My initital reaction is whow! and then trying to come to grips with the fuller question of care? if i have read correctly when there is no known clinically termed solution to a treatment, except the general terms ‘after care for life?? Question this is a very difficlut area to be ‘Glib’ about: however how do we face the inevitable, when our fellow man cannot define a future, and then in what terms do we define ‘Care for Life’? and for whom? do we all have the same rights? and as a society can we aford such a political/clinical decisions made about our individual health, welfare and care.
    I am on the JURY panel at present and must consider the ‘FACTS OF LIFE’, with solice from my god, who ever he or they may be.

  2. davidwfreeman237 says:

    Dear All,
    An open letter for consideration on aging and ‘Care’ with Living for the elderly.
    Daily Mail Tuesday 22 08 2017- Inside page 2-“lack—— end up in A&E”
    Another story of dementia, and old age, and the highlighting of statistical data that some 78.6% older people end up in A&E in the last year of their life. (Having been given a statistical total of some 4867 patients’ cases that have been researched). From this the alleged summary by the Department of Health [DOH] states 61% are cared for in their own homes, and that £2billion boost is being given by DOH to Local Authorities over the next 3 years.
    The premise is we are about to die in a care home? Or is this a myth? Can we die happy either at home or in a ‘Care home’ of sorts? What do you expect will happen? Answers on a postcard Please!
    Following on from both the recent media hype, and Johns Blog [discontinuing continuing care- 22/8/2017]. I reflect upon my own situation in a “Retirement Village”! One of the concerns I have is that the original vision is becoming blurred, and I now pose some hypothetical questions for you the reader to consider:
    1- The original concept of a ‘retirement village life’ was;
    a. Lead an independent life style
    b. Take an active interest in what the village means to you, and what the other residents and village staff offer as activities.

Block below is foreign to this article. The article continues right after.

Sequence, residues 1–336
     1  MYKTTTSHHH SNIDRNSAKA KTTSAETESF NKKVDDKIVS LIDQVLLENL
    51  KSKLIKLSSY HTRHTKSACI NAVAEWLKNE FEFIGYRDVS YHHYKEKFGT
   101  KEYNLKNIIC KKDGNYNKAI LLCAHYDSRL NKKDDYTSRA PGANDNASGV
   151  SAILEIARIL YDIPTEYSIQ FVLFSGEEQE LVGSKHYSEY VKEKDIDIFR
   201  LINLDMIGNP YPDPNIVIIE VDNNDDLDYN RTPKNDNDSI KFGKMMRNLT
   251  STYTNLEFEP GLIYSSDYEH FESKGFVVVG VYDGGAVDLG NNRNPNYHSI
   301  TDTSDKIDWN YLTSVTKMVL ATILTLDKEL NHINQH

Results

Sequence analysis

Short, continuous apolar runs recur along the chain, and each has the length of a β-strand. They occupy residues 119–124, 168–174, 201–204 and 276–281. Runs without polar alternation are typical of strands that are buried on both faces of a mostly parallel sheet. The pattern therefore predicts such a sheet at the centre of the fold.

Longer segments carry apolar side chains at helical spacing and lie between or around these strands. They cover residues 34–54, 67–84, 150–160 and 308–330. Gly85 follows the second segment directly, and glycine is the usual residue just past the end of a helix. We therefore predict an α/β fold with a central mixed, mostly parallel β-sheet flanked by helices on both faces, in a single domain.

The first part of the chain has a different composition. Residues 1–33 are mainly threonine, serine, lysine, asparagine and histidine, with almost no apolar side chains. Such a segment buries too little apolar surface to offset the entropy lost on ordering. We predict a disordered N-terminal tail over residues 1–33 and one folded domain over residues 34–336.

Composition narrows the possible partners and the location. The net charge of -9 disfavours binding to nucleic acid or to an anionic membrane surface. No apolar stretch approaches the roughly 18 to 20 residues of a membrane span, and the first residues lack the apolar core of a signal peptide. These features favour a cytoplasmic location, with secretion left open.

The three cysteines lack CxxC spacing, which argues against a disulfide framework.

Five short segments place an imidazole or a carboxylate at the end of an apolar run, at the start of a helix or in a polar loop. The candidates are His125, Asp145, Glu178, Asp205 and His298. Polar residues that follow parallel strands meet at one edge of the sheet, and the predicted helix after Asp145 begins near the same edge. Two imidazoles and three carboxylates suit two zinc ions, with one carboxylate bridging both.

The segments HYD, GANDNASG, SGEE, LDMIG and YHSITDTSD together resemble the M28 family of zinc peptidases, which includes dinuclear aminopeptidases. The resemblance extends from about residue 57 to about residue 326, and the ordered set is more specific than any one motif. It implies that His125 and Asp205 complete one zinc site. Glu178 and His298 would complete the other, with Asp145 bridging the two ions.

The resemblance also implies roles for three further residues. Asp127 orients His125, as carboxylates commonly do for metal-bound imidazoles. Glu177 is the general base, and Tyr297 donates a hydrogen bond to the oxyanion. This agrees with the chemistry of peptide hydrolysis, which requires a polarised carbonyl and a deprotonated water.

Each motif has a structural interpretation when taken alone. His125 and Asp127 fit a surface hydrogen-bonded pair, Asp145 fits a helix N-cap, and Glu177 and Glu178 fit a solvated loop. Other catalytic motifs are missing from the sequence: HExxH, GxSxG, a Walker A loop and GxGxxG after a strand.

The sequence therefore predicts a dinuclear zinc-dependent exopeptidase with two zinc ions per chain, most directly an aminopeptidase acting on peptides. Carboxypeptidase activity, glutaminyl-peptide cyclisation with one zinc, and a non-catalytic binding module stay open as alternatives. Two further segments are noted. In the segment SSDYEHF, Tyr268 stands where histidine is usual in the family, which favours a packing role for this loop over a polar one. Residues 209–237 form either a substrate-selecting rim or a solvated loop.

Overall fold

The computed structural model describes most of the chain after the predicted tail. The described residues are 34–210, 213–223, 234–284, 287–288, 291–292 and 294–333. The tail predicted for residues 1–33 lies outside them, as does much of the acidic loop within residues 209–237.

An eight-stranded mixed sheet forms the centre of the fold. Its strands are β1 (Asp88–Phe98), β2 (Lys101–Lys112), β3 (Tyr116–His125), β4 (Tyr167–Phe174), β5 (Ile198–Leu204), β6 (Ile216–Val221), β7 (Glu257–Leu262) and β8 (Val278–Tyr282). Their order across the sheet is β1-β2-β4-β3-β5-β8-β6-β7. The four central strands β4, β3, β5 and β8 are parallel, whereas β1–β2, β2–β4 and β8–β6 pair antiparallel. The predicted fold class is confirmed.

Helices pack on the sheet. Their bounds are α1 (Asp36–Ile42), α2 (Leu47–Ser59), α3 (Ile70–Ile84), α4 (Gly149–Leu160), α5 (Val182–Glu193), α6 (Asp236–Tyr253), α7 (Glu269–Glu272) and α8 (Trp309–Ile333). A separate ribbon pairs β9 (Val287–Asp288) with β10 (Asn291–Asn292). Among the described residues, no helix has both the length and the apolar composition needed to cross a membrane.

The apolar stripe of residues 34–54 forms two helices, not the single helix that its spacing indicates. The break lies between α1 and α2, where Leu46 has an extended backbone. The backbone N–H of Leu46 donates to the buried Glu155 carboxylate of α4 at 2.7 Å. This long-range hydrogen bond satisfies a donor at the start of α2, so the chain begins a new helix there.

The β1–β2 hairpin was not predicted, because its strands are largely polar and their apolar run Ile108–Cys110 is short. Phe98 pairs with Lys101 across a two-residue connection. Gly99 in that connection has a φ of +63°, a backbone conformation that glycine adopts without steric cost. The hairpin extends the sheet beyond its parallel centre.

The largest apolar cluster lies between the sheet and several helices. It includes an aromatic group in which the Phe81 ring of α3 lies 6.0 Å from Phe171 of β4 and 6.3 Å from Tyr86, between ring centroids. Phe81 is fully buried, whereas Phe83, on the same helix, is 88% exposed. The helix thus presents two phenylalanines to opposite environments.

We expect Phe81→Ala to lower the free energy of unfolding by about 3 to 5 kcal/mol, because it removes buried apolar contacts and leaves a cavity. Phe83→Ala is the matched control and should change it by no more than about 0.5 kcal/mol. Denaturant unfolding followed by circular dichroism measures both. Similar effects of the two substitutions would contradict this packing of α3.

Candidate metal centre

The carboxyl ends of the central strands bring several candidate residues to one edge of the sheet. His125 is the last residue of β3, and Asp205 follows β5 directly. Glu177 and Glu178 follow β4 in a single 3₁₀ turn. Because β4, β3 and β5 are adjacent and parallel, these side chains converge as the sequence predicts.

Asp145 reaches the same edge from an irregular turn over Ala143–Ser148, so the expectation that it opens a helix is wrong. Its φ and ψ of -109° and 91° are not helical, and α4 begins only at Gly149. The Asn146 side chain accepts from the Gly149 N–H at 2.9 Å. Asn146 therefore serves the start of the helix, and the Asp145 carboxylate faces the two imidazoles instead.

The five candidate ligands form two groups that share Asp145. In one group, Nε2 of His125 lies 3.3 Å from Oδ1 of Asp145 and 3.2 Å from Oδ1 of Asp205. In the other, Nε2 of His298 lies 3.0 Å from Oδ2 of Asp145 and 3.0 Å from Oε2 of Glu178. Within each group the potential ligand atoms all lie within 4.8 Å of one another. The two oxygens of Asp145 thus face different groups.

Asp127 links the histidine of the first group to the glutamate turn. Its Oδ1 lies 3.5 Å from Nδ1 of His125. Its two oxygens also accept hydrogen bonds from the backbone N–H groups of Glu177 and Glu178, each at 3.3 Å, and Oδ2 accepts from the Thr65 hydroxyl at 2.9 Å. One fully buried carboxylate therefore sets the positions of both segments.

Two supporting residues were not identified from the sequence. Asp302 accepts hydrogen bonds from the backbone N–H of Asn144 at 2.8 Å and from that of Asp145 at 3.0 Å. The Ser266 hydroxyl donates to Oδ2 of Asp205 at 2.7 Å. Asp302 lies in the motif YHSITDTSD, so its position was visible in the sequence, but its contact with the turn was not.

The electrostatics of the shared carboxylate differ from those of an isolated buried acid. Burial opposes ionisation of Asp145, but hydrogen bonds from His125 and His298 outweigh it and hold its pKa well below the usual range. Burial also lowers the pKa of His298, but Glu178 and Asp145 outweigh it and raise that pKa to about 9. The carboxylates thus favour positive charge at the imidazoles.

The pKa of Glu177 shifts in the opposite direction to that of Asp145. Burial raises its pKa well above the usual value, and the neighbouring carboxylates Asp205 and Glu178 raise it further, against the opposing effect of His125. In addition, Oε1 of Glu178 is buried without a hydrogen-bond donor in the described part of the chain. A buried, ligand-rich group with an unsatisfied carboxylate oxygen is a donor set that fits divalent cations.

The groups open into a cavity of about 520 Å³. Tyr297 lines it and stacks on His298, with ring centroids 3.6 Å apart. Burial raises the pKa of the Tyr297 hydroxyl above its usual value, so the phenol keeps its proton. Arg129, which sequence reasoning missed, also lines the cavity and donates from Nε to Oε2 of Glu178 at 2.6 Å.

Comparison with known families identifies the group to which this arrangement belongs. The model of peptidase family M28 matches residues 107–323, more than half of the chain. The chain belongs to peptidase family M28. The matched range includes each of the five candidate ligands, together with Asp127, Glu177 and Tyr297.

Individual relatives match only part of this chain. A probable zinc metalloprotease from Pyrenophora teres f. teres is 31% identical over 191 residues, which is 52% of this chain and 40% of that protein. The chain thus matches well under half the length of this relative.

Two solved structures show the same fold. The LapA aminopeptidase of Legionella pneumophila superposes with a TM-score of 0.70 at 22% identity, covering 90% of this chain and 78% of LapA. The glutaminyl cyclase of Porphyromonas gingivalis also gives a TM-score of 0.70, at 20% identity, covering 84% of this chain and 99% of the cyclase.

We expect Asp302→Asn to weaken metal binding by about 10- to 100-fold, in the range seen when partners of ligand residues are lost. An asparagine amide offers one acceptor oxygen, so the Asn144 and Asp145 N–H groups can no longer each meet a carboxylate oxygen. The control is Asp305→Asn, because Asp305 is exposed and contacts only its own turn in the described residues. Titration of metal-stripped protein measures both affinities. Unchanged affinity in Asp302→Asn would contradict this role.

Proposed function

c. The age profile of the village was mediated in group percentages (over the minimum age of 55), such as the majority of the residents were fit, healthy, (some mobility issues), and willing to volunteer a proportion of their time to running, organising activities (library, craft groups, social groups such as the village pantomime) within the village, and where interested in front of house management, such as offering; help with running of the reception desk, bar, café, shop, and helping in the restaurant and kitchen, as supernumery staff, and then again well-being (Health) , all these tasks with the guidance of management. Then there is the village media with input chiefly by the residents, published by the residents, with an invited and helping hand of management.
    What disturbs me is that the ‘Retirement village in 2007 had an average age of 72, as we now speak it is nearer 78/9. I personally at 75 feel a ‘shudder’ of ‘Old father time’, and what concerns me is that the majority age group are now approaching life; were mobility aids, ( scooters especially) etc., are the accepted norm for moving around both within and external to the retirement village. Provided that individual persons mind remains active, and the body fit to undertake the responsibilities as originally conceived when the retirement village was developed: all is good!
    I just wonder being a cold fish! Is there a “little something” we add to the concepts of a retirement village?
    One of the note aspects as the retirement village has aged is that now we have an average age of 78/9, I note: